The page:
• [FIG. 38] FIGS. 38 (a) and (b) show processes that depend on unit periods of different definitions.
    Numerical References
  • 101, 101a, 101b
    Navigation apparatus
    102
    Day-and-time detecting unit
    103
    Position detecting unit
    104
    Storage unit
    105
    Control unit
    106
    Display unit
    107
    Landmark data
    108
    Map data
    109
    Trip history data
    110
    Data handling unit
    111
    Matching unit
    112
    Candidate-destination selecting unit
    113, 113a
    Period setting unit
    114
    Rule extracting unit
    115
    Unit-period frequency accumulating unit
    116
    Actual-frequency judging unit
    117
    Drawing processing unit
    120
    Period rule data
    130, 130a, 130b
    Rule setting unit
    131
    Maximum-frequency determining unit
    1801
    General-frequency-rule data
    Best Mode for Carrying Out the Invention
  • Hereinafter, embodiments of the present invention is described with reference to figures.
  • (First Embodiment)
  • First described is the first embodiment of the present invention.
  • FIG. 7 is an outline view of a navigation apparatus 101 that is an embodiment of a destination-prediction apparatus according to the present invention. The navigation apparatus 101, which is installed in a car, is a navigation apparatus functions as a destination-prediction apparatus according to the present invention and displays a predicted destination.
  • FIG. 8 shows a configuration of the navigation apparatus 101 according to the first embodiment of the present invention. The navigation apparatus 101 is a car navigation apparatus capable of predicting a destination with a high accuracy using regularity of a user (or a moving object) that moves to a destination at a constant trip frequency during a certain unit period. This navigation apparatus includes a day-and-time detecting unit 102, a position detecting unit 103, a storage unit 104, a control unit 105, and a display unit 106.
  • The day-and-time detecting unit 102, which may be a calendar-equipped clock, detects a present day and time.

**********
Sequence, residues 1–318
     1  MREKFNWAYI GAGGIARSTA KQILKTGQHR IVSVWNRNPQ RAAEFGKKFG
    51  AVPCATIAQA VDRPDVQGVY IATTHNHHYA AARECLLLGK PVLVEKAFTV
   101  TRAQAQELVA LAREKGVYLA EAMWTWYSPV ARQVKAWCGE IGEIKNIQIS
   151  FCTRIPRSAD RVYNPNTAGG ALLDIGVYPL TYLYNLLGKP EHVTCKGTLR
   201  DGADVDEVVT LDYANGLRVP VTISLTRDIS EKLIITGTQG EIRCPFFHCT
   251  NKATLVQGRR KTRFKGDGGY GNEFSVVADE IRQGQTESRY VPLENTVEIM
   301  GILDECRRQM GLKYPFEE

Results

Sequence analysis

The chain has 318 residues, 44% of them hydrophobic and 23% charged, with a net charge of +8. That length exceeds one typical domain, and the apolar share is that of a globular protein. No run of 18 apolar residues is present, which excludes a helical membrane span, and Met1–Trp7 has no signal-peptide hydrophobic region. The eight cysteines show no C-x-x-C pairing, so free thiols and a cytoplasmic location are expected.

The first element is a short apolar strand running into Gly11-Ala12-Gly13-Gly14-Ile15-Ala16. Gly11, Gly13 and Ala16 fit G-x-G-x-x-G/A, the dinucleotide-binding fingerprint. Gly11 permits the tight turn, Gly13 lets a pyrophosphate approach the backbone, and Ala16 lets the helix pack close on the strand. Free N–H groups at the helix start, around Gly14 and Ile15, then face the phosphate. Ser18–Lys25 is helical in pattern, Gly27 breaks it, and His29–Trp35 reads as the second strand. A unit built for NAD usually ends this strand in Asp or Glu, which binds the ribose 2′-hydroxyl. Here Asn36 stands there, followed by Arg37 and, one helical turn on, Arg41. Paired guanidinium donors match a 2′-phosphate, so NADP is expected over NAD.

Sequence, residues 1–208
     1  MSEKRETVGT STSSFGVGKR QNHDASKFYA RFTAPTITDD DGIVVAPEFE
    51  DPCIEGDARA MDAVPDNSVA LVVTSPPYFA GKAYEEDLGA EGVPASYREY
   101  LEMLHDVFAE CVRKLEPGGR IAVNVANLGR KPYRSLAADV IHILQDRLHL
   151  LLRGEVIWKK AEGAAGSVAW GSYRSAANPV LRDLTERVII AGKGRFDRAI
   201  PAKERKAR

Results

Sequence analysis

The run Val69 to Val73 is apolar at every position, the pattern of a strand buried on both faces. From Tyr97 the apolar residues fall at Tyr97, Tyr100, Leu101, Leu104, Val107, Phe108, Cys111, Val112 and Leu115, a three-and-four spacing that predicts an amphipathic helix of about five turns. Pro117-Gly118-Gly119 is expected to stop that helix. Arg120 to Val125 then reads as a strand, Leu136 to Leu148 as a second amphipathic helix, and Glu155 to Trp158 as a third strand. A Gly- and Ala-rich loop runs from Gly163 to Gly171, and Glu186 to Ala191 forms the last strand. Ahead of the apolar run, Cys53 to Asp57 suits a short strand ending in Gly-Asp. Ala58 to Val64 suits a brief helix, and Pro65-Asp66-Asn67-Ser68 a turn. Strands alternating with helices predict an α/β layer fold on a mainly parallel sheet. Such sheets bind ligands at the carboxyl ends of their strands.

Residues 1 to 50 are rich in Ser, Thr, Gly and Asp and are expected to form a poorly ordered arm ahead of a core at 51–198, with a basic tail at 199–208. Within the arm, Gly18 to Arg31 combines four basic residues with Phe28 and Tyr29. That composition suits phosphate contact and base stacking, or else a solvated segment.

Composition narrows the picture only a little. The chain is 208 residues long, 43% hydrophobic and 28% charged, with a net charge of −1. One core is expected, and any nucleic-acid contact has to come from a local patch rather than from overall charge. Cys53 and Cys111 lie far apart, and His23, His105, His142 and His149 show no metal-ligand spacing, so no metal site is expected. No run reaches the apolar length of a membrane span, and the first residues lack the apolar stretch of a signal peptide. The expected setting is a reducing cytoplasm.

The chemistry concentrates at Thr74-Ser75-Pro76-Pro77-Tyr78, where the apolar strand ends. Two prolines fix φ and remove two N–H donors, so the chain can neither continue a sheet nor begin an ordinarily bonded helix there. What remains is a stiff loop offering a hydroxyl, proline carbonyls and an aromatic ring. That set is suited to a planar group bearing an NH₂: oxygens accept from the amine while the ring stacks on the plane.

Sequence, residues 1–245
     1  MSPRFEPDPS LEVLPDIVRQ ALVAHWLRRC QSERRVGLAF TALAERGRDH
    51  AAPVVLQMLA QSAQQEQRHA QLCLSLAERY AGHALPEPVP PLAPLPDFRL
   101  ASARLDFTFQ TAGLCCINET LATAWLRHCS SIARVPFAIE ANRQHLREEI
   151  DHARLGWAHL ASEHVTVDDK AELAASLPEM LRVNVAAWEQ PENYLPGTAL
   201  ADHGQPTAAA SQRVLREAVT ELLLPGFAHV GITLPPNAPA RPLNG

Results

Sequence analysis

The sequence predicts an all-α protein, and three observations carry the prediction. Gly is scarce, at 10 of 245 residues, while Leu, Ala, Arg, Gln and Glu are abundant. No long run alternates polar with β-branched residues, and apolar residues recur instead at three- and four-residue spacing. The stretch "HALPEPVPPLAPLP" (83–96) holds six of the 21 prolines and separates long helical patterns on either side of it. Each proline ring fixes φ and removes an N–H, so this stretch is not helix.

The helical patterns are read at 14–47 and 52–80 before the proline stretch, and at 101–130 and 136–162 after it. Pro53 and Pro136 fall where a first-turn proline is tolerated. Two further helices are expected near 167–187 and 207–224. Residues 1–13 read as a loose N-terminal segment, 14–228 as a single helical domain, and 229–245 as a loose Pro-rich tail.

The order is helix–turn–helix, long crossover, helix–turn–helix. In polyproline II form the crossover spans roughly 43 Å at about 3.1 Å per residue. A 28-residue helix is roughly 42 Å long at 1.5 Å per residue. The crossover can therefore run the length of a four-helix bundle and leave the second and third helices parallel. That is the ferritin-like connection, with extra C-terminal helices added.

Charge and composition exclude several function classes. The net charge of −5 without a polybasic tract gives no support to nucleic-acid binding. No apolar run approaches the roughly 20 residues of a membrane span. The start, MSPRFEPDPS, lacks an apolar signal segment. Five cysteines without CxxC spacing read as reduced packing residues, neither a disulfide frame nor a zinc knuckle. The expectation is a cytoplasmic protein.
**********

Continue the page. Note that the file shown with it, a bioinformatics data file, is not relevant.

• The position detecting unit 103 is installed in a vehicle provided with the navigation apparatus 101 and detects a present position, a speed, orientation, or a present time. The position detecting unit 103 is, for example, a global navigation satellite system (GNSS) receiver, a vehicle speed sensor, a gyroscope (or an angular velocity sensor), or an acceleration sensor. The GNSS receiver measures and determines an absolute position of the receiver by demodulating radio waves received from a plurality of satellites. The GNSS receiver is, for example, a GPS receiver. The GNSS receiver and these sensors are used alone or in combination for determining the present position, the speed, and the orientation.
  • The display unit 106 displays an image according to display image data generated by the control unit 105. The display unit 106 is, for example, a liquid-crystal display or an organic EL display.
  • The storage unit 104 stores map information such as data of roads, intersections, and landmarks, and a trip history of a vehicle that is provided with the navigation apparatus 101. The storage unit 104 is, for example, a hard disk drive (HDD), an optical storage medium such as digital versatile disk (DVD), or another storage medium such as a flash memory. These storage media may be configured to be detachable. The storage unit 104 may also be of a configuration where information to be stored is downloaded as necessary from a server system (not shown) through a communication unit not shown here (a mobile phone, a PHS, for example).
  • Data to be stored in the storage unit 104 includes map data 108, landmark data 107, trip history data 109, and period rule data 120.
  • FIG. 9 shows excerpt data of information related to the first embodiment from map information stored in the map data 108. The map data 108 includes (A) node data, (B) supplemental node data, and (C) link data. The (A) node data indicates a point such as an intersection or a confluence where roads branch off in some directions. Each node data item is composed pf position information such as a latitude and a longitude, number of links linked to the node, and an ID of the link. The links are described later. The (B) supplemental node data indicates a bending point on a link, which is described later, when the link is not straight. Each supplemental node data item is composed of position information such as a latitude and a longitude and an ID of a link on which the supplemental node data is. The (C) link data indicates a road that connects one node to another. Each link data item is composed of a start point node and an end point node which are ends of a link, length of the link (in meters, kilometers, or the like), width of the link (in meters or the like), a road type such as a general road or an expressway, the number of the aforementioned supplemental nodes and IDs thereof.